Performance Testing of Paving Mixes for Libya’s Hot and Arid Conditions, Using Marshall Stability and SUPERPAVE Gyratory Compactor Methods
Asphalt Concrete Pavements (ACP) in Libya’s southern desert regions suffer two major challenges: the hot and arid climate, with road surface temperatures reaching 65–70 °C, and air humidity below 50%. As such, ACP in Libya develops excessive deformation. The lack of modern testing methods and in-situ monitoring during the use-phase make predicting the performance of new mix designs difficult. This paper aims to provide comparative performance data on paving mixes of different Libya-sourced bitumen grades under simulated climate conditions, and to compare the usefulness of empirical testing methods (Marshall) to Performance Graded methods. Two mixes, one using Bitumen 60/70 (B 60/70) and the other using PG70-10, are assessed with Marshall Stability and Super Gyratory Compactor tests, using modern equipment at the laboratory of the ETS (École de technologie supérieure) faculty of engineering of the University of Québec, Canada. The performance of PG70-10 mixes is found to be superior to that of the performance of the mixes using B 60/70. The PG70-10 mix performed within the requirements of lower-volume roads (≤300 vehicles per day). Also, the results of the Super Gyratory Compactor tests are found to be a better indicator of in-service performance than those given by Marshall Stability tests. These results provide a foundation for performance-testing of different paving mixes that varied in sand and filler content; these are available for applications in similar arid climates, and may provide significant savings by allowing engineers to substitute local materials, such as the abundant rounded sand in southern Libya, for more scarce and costly materials, such as manufactured aggregate.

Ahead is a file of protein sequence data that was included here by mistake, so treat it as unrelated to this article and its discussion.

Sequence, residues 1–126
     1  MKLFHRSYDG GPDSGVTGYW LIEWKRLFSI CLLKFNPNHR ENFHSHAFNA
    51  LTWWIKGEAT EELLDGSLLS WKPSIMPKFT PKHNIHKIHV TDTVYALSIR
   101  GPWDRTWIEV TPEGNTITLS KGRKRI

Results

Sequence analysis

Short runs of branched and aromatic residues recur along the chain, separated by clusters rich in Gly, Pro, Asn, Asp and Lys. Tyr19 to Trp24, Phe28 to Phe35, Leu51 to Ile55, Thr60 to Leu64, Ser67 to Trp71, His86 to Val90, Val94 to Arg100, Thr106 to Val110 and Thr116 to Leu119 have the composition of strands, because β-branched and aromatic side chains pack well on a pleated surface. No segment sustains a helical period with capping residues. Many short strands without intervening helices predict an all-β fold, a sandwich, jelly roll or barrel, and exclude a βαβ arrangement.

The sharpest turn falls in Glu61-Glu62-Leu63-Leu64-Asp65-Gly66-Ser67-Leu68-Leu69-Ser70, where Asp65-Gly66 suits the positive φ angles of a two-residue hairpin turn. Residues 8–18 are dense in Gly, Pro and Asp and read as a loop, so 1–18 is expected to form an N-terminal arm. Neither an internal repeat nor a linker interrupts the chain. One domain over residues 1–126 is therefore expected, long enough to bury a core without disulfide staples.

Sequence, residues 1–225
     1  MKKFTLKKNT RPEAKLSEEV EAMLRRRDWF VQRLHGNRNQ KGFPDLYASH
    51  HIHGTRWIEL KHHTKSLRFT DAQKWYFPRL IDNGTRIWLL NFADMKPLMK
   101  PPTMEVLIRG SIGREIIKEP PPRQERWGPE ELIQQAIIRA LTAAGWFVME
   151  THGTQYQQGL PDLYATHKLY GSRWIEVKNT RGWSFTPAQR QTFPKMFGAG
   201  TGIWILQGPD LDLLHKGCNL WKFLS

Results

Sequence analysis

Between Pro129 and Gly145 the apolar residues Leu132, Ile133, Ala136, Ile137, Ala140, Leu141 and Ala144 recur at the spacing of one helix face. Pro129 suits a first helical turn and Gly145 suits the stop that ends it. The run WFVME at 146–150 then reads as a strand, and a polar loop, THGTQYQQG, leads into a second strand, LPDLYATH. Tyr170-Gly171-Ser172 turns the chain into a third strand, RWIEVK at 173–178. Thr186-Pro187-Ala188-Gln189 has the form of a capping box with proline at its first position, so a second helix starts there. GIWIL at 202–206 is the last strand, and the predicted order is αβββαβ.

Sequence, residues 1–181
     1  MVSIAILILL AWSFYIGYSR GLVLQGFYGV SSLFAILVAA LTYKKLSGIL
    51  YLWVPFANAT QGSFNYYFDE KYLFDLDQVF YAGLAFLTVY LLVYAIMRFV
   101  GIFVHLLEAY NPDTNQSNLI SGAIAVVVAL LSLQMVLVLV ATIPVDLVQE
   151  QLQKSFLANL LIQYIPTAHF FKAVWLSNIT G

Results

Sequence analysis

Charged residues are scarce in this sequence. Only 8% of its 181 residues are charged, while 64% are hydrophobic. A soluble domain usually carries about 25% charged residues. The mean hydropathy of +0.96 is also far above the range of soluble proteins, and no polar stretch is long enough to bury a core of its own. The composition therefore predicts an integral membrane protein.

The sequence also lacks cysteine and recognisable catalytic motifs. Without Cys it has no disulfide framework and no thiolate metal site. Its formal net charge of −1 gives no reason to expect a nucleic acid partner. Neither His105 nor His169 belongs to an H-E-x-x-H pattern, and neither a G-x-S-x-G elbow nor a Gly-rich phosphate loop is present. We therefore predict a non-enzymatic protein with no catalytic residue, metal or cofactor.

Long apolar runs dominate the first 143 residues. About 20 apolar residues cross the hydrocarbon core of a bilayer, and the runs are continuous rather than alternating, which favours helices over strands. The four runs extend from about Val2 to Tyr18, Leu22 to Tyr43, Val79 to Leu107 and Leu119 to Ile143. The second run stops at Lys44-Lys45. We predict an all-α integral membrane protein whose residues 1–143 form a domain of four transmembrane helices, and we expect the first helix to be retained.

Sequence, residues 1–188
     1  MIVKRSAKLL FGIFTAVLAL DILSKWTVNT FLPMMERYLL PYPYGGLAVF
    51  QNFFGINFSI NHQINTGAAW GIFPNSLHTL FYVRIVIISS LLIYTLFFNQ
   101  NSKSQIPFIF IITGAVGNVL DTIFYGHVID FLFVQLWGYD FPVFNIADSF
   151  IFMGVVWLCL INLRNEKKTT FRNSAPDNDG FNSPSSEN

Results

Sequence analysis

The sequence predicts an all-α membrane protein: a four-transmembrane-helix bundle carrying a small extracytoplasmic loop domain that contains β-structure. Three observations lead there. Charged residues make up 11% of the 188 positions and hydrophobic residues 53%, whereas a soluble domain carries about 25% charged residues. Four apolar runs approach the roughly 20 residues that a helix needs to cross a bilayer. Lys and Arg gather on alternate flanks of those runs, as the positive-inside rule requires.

The first author wishes to thank ETS for providing the laboratory equipment for this research.
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